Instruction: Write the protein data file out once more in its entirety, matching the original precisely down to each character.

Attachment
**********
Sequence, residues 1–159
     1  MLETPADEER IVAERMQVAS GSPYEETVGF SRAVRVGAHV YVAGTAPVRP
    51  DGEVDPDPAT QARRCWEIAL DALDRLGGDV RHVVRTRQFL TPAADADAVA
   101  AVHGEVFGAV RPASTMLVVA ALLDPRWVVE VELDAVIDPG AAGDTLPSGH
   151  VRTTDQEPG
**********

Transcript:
Sequence, residues 1–159
     1  MLETPADEER IVAERMQVAS GSPYEETVGF SRAVRVGAHV YVAGTAPVRP
    51  DGEVDPDPAT QARRCWEIAL DALDRLGGDV RHVVRTRQFL TPAADADAVA
   101  AVHGEVFGAV RPASTMLVVA ALLDPRWVVE VELDAVIDPG AAGDTLPSGH
   151  VRTTDQEPG